The film does educate on certain aspects of the industry which are not"common knowledge" and those segments are very entertaining. Thingssuch as how beer is displayed in a supermarket and how much influencethe "big 3" have in deciding the layout, is surprising. So was the 3Tier system segment, covering how beer gets from the brewer to theconsumer and having to go through distributors.
My favorite parts of the film were whenever it would follow SamCalagione from Dogfish Head or Jim Koch from Samuel Adams. Being a bigfan of both those breweries it was a great "behind-the-scenes" look athow they work and what it took to get to where they are now. I canwatch a documentary just on Dogfish Head alone. Very good stuff.
And then there were some segments which seemed to be just forfluff/show. Like the blind taste test of Coors Light, Bud Light andMiller Lite. Initially, this seems like a good test to show that mostpeople can't tell those apart, but I am not too sure what she wastrying to prove. All those beers are of the same style. American LightLagers. Of course they are supposed to taste similar. If you put threedelicious IPA's in front of me, I'm not sure I'll be able tosuccessfully tell you which is which brand, since their flavorcharacteristics are so similar. Same with three Stouts, 3 differentbrand of vodka, etc. Overall I did enjoy the film, as it had plenty ofinformative parts, but it could have benefited from not taking the lowroad and bashing Anheuser-Busch as much as it did. Like I mentioned, itcould have made its point without the sensationalized parts.
I'm European, and we've got our own share of huge breweries swampingthe market with tasteless pils. But it's not as bad as it is in the US.
The point is, there is NOTHING about the issue to pretend to beobjective. There's beer, and there's that dishwater those hugebreweries are trying to sell you as beer.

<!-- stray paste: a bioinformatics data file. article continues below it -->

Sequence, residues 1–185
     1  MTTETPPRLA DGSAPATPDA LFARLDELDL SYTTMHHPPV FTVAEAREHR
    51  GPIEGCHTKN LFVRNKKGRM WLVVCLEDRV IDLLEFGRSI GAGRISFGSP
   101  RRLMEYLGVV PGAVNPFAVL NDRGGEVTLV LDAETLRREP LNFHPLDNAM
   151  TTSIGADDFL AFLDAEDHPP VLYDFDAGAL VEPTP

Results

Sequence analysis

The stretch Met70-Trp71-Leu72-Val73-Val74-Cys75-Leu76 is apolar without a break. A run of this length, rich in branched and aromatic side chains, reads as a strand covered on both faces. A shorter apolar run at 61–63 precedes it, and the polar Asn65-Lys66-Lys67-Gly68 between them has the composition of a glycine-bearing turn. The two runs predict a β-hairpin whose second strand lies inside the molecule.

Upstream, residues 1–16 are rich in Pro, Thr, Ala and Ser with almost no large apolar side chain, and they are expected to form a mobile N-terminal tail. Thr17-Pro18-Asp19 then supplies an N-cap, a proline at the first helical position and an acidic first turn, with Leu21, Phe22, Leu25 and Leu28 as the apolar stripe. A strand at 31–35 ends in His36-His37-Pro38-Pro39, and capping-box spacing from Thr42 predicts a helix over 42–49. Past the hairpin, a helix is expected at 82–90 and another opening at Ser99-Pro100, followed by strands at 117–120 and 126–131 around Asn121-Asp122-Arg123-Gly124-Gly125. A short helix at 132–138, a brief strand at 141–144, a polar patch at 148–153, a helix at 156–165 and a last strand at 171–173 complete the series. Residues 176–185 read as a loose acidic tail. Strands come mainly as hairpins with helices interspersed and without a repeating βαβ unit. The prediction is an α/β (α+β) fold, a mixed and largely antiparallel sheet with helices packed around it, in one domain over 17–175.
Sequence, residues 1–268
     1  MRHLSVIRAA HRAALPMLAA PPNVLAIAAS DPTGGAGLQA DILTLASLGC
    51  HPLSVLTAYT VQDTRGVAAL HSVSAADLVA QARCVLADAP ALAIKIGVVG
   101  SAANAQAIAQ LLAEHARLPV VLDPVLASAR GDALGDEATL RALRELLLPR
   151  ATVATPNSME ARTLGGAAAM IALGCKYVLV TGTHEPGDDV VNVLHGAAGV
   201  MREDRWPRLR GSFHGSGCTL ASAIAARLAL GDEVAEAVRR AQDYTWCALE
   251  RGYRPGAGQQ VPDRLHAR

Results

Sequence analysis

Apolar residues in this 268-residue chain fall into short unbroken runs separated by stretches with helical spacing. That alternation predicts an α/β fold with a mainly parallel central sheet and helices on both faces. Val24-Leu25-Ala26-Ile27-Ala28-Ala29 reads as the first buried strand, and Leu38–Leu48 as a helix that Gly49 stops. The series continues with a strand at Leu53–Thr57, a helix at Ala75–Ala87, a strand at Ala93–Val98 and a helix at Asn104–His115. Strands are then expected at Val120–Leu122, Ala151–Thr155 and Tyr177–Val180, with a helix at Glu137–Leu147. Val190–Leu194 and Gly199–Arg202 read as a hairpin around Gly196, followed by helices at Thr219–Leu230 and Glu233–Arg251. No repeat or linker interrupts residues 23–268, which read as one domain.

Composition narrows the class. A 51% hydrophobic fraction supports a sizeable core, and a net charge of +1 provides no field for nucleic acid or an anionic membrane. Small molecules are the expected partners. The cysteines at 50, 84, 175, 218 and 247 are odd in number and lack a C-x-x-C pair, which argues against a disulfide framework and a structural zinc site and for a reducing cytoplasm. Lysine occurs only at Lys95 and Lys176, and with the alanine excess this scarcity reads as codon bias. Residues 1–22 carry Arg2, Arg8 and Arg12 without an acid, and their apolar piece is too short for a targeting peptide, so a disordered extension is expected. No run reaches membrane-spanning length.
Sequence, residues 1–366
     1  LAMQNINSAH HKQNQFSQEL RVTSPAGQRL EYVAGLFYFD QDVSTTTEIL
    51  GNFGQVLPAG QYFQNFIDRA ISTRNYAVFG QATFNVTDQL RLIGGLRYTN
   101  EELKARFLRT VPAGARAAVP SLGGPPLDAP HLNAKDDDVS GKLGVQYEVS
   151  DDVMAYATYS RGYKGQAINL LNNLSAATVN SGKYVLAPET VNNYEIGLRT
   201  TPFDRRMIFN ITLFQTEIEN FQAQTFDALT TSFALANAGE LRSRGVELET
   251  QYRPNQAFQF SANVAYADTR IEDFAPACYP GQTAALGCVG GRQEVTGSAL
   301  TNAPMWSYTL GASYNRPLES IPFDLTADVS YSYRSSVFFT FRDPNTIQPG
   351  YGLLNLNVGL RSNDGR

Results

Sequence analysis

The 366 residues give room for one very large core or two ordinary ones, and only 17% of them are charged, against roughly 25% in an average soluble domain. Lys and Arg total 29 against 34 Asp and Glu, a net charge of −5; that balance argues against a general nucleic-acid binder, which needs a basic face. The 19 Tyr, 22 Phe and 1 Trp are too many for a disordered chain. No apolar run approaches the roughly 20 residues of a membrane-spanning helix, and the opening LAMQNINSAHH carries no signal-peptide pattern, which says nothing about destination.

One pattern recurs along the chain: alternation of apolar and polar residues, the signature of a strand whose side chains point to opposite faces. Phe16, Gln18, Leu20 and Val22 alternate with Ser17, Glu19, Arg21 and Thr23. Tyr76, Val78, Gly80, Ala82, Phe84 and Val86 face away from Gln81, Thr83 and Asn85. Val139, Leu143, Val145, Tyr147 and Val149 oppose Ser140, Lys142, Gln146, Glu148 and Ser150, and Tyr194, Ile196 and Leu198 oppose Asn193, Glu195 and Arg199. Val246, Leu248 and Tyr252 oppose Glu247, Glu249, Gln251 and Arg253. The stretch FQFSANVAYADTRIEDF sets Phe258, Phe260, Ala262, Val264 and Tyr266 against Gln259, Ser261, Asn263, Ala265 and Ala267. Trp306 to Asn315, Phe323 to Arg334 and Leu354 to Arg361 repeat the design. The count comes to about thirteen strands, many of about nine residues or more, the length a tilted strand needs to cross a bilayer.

Of course the huge breweries are successful. But success in the marketdoes not mean a better product. McDonalds, Microsoft and Britney Spearsall prove the same point: Given good enough marketing, a bit oflobbying and market leverage, you can sell trash.
And of course, the bigger your market share gets, the lower theexpectations need to be. Lowest common denominator. And they're not theleast innovative; but if they're realizing someone else put a productout there the people like, they try to occupy that niche as well; ifthey can. That Anheuser-Busch is now producing beer (sometimes notunder their own brand) which even might qualify as beer, is onlybecause they've got competition who started it. Without the competitionof those small breweries, there would be only Bud Light, Coors Lightand Millers Light -- which of course taste all alike. The new sovjetplanned economy: You can choose between three products now, but they'reall the same.
I think some people here commenting on IMDb about "Bias" are actuallyastroturfing for some of those three huge breweries. Either that, orthey genuinely don't know how good beer tastes.
This documentary changed my views as to how my family and I shouldspend our money on beer. Avoid Anheuser-Busch because they do what isin their power to stop these small time brewers like Dogfish Head. Theycan control how the self's at stores are stocked; they bring lawsuitsagainst brewers that are struggling to survive. As soon as a type ofbeer becomes a hot commodity they snatch it up and eliminate all ofthose opposing. I think the documentary did a great job of highlightingthis and definitely changes my position on support certain companies. Iwill not support the following brands do to their affiliation withAnheuser-Busch Company, Rolling Rock, Widmer Bros, Bacardi, Wild Blue,Busch, Bud Light, Budweiser, and Natural Ice. Watch it and I am sureyou will join me.